Now, I offer my students the opportunity to construct meaning in their papers by creating meaning in their lives with what they have learned. They are given a free option of choosing a creative piece of work in order to ascertain what reading meant the most to them. Most of the time, they have no idea what to do! I tell them what the guidelines are and then I ask them to: Find it out for yourself. Look it up. Think about it. Figure it out for yourself! Have fun!!!

“But…”they whine…”what if I am WRONG”??? We are all conditioned to fear being wrong about anything these days. We do not speak up, we fear reaching out and more often than not we find ourselves wanting answers from someone else. It is almost as though we are  afraid to access our own intelligence. We want to be told what to do. It is easier that way. Then we do not need to think. We just need to do. We are not responsible then if we are wrong either. That is what we were told what to do after all.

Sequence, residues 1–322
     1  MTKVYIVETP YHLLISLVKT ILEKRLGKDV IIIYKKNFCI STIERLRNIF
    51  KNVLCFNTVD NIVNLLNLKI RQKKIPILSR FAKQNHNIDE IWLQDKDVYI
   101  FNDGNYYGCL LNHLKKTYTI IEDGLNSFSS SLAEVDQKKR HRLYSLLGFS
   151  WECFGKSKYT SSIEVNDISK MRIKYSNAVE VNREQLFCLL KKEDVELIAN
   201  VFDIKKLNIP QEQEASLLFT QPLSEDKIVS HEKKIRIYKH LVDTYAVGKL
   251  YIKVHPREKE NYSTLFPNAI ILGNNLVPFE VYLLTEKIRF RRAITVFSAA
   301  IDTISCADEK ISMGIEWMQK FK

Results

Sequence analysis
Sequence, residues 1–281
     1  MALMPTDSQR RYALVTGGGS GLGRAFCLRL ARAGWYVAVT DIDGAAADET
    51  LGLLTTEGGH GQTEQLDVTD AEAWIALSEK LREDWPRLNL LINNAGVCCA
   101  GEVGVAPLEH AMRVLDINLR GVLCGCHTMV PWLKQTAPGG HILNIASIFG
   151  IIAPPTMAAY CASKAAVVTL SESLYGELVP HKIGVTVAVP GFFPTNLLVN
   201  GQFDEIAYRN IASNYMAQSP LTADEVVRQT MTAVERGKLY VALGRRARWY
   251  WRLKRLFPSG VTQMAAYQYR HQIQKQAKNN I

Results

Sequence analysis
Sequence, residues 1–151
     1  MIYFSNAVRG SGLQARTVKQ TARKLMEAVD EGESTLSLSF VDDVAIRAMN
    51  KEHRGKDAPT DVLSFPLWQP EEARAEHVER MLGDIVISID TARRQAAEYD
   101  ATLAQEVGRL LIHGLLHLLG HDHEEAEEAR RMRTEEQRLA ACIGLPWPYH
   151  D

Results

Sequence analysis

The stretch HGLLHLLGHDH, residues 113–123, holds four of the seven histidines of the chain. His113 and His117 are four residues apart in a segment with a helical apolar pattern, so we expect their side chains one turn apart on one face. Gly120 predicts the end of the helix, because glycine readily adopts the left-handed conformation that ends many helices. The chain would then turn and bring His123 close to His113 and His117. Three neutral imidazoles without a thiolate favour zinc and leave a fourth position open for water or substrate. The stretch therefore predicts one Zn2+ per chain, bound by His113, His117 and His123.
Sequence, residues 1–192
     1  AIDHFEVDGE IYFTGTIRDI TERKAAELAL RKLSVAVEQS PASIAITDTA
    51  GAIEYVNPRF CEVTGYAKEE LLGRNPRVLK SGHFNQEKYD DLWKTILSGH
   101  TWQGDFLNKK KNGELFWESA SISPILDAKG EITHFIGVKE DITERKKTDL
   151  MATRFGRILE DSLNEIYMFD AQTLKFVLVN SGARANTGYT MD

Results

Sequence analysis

In his book: “Intelligence”, Osho reminds us that we miss utilizing our own selves as a resource in the hurry to get the answer from someone else. We miss out on using our own inborn intelligence because we are obsessed with the idea of right and wrong answers. I can attest to having been caught up in this way of thinking at times. But honestly most of the times I have come to wrong conclusions or decisions about something have been powerful growth opportunities for me. There is no wrong, there is only learning. After all, if we do not risk trying something we end up staying stagnant in our growth, and we then have things happen “to us” not “by us”, so we must grow one way or another, one as victim, the other as creator!

The Internet has made it easy for us to take shortcuts to find answers to things. We don’t have to rely on our own wisdom, we can go to search engines to do the work for us. But we lose a significant part of our life’s mission. To learn and grow with our own minds and thoughts is to attain wisdom. And sharing that knowledge is the key, as long as it is not forced, or with the expectation of leading someone to not come to their own conclusions about how they lead their lives.